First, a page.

In an earlier piece on this blog ("Obama, America, and Race," September 23, 2009), I argued that one of the problems progressives face in making their arguments, was that the country has not revised its definition of "racism." Instead of dealing with modern versions of hate, the term remains fixed in time, simplistically referring to a pot-bellied Southern sheriff wearing reflector sun glasses.
The problem with this stereotype is that it doesn't take into account more subtle forms of bigotry. It doesn't call out hatemongers who do not fit this narrow image, and thus get away with claiming they are not bigots at all.
Thus, in the prior article, I argued that what we needed was a new definition of racism, one that was more up to date, and thus provided an accurate labeling of bigots. Good to my word, I figured I should start.
Let's begin with the older characterization. For most Americans, the exclusive definition of a bigot is simple: someone who uses a racial or ethnic slur. If you refer to a Jew as a "kike," or an Asian as a "chink," you're a bigot. Easy and straightforward.
The problem with this version is that, while accurate, it is too limiting. It does not force those who engage in all the other forms of prejudice to take responsibility for their actions.
Many Americans, therefore, prefer a wider definition of a bigot, as one who makes explicit, derogatory statements about an entire group, rather than singling out one individual's problematic behavior. This kind of misery usually sounds like, "all Koreans are illiterate in English," rather than, "I had a problem understanding that particular clerk."
I suggest these uses are inadequate. Instead, my definition of a bigot is someone who also makes allusions to an entire group's inferiority or other negative trait; the hatred is implicit only.
This captures a lot more of how bigotry is actually displayed in real life, especially by politicians and media personalities. Remember George H.W. Bush's use of the Willy Horton image? The presidential candidate never defined black people as inherently violent, but the implication of those ads was that they indeed were prone to carrying out heinous crimes, as a group.
In another, more recent example, Bob Herbert in the New York Times reported how Rudy Guiliani, campaigning for Michael Bloomberg in an Orthodox Jewish neighborhood in Brooklyn, told his audience that if Bloomberg was not reelected, conditions would go back "to the way it was before....And you know exactly what I'm talking about."
Indeed, we do all know precisely what--and who--he is talking about; as Monty Python might put it, "wink, wink, nudge, nudge." At no point is the former mayor using a racial slur, but he is implying that if his candidate does not win, African-American violence against Jews will vastly increase.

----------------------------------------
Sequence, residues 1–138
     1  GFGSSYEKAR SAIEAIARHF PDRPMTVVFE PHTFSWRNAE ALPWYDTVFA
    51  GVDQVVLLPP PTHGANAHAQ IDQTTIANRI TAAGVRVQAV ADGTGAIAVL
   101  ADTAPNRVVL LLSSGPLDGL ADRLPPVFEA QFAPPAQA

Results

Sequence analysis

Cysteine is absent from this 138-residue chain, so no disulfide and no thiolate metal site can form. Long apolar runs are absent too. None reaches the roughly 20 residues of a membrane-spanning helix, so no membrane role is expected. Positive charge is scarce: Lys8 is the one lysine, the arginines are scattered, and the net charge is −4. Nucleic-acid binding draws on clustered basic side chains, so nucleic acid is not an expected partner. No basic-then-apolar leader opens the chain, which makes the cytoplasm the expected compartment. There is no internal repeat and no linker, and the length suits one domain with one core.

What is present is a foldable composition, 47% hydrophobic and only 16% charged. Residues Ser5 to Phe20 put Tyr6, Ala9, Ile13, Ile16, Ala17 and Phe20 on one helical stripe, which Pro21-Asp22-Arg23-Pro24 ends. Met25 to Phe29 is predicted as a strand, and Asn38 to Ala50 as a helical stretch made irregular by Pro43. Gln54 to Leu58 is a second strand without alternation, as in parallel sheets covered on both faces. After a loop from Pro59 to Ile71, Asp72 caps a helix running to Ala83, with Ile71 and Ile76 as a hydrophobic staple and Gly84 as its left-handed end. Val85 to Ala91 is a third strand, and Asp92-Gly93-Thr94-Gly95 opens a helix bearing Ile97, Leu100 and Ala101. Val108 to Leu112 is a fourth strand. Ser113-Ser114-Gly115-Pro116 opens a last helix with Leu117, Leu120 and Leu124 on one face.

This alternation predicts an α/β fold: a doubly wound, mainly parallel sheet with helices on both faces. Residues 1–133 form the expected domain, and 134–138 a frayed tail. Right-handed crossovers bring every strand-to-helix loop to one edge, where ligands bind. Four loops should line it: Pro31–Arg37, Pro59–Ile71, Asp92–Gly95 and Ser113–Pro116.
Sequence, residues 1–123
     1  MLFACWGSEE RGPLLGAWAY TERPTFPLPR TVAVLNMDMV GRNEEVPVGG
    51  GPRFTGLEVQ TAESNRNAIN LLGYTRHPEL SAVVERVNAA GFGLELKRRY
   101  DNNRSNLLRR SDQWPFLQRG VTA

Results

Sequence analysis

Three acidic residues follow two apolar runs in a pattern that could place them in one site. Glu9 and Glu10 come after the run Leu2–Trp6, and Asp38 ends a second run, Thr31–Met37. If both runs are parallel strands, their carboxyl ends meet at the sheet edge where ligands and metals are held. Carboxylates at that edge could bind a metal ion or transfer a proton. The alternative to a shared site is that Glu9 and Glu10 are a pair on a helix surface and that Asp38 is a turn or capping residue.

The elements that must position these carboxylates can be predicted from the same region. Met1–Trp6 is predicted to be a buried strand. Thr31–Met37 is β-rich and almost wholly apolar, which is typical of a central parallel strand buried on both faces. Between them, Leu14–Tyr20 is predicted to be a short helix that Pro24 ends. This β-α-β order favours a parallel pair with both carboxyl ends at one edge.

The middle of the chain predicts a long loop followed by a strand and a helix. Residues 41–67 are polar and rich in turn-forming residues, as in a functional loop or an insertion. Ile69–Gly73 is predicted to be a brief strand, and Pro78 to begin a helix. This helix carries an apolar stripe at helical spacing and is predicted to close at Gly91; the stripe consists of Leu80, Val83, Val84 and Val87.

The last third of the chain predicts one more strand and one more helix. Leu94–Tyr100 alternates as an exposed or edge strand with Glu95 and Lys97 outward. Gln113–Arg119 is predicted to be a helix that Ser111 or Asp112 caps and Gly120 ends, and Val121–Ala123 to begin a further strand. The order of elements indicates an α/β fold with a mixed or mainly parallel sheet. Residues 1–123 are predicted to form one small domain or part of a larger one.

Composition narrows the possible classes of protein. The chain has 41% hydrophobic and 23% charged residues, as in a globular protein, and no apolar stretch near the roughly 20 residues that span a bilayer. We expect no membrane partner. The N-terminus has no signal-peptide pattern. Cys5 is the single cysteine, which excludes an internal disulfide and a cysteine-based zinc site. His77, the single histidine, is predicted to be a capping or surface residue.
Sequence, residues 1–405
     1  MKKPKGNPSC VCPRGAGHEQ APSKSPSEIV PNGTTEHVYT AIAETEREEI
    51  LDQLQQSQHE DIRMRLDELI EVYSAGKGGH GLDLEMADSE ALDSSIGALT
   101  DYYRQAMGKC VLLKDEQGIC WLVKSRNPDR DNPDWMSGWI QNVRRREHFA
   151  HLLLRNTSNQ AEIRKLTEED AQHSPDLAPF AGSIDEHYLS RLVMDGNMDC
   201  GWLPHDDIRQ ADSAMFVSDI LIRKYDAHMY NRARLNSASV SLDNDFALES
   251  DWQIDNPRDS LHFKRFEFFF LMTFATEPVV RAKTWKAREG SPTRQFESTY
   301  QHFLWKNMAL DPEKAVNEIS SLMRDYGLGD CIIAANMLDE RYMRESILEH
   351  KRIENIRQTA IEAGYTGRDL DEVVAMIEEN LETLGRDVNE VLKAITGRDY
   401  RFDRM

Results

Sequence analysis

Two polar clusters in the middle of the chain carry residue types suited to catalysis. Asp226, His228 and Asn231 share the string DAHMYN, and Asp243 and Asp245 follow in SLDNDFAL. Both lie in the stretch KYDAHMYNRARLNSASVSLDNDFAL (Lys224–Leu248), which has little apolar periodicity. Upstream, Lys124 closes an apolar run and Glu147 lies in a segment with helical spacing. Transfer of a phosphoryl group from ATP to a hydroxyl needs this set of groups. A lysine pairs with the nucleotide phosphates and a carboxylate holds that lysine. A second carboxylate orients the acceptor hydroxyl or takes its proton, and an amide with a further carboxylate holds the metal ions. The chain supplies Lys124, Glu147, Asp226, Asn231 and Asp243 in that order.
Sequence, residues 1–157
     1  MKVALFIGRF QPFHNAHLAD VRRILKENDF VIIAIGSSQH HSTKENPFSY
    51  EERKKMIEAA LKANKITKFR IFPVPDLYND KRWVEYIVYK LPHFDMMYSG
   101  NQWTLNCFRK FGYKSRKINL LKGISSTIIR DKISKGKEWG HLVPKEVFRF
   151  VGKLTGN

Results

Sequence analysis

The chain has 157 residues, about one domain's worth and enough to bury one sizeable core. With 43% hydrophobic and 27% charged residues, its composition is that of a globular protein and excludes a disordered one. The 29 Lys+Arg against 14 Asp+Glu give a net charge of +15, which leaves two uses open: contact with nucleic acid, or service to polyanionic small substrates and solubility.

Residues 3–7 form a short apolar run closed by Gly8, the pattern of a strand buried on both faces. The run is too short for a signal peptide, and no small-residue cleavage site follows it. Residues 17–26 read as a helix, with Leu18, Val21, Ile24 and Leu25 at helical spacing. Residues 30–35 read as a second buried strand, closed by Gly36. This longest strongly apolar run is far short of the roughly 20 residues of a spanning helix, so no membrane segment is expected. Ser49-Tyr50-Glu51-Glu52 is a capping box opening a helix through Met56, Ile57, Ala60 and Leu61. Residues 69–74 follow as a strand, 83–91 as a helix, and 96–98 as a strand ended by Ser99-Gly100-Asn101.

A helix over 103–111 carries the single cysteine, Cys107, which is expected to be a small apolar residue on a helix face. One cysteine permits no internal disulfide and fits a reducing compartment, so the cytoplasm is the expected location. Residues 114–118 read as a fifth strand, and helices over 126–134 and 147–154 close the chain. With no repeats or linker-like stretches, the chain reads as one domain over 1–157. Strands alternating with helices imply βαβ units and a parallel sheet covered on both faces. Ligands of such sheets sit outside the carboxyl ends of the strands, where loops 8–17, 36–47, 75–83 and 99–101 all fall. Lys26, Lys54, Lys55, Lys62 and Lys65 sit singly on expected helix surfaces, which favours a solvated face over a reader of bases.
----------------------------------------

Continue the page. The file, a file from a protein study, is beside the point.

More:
Another possible new definition involves the use of comments that one feels are appropriate when discussing or addressing a minority, but not when talking to or about a member of the majority. The differential treatment is the basis of the racism tag. It is hard, in other words, to imagine Joe Wilson calling out "You lie" during a speech by former vice-president Dick Cheney. The South Carolinian's cavalier willingness to address an African-American president in this way implies the bigotry, as does Glenn Beck dismissing Sonya Sotomayor, when she was nominated to the Supreme Court, as nothing more than a "Latina chick," a characterization that clearly disqualified her in his mind. It seems unlikely that he would ever refer to Justice Antonin Scalia as that "Italian dude."
Such comments are the face of racism today, and a more detailed definition will enable Americans to pinpoint, label, and fight back against this kind of hate mongering.
One concern I have is that this definition is too broad, that it might restrict free speech, so permit me an effort to refine it. It is not bigoted to make a statement about a group when there is evidence to support the claim, and an explanation is provided. For example, in the 1980s the African-American community in Chicago had a high rate of female headed households. There is a lot of data to support this claim, including the figures used in reports by my former employer, the Chicago Urban League. The consequence of this situation, furthermore, was a considerably higher poverty rate than for two parent households of the same racial group. One of the possible reasons for this, as William Julius Wilson pointed out in The Declining Significance of Race, was that this statistic correlated closely with the rise of black adult male unemployment as factories shut down; women saw no reason to marry someone who could not perform a traditional role in the relationship.
This discussion is meant to be just a start, a first step towards a new definition of racism that can be used to challenge the new bigots. I invite others to revise and refine, and then to publicize and employ these ideas.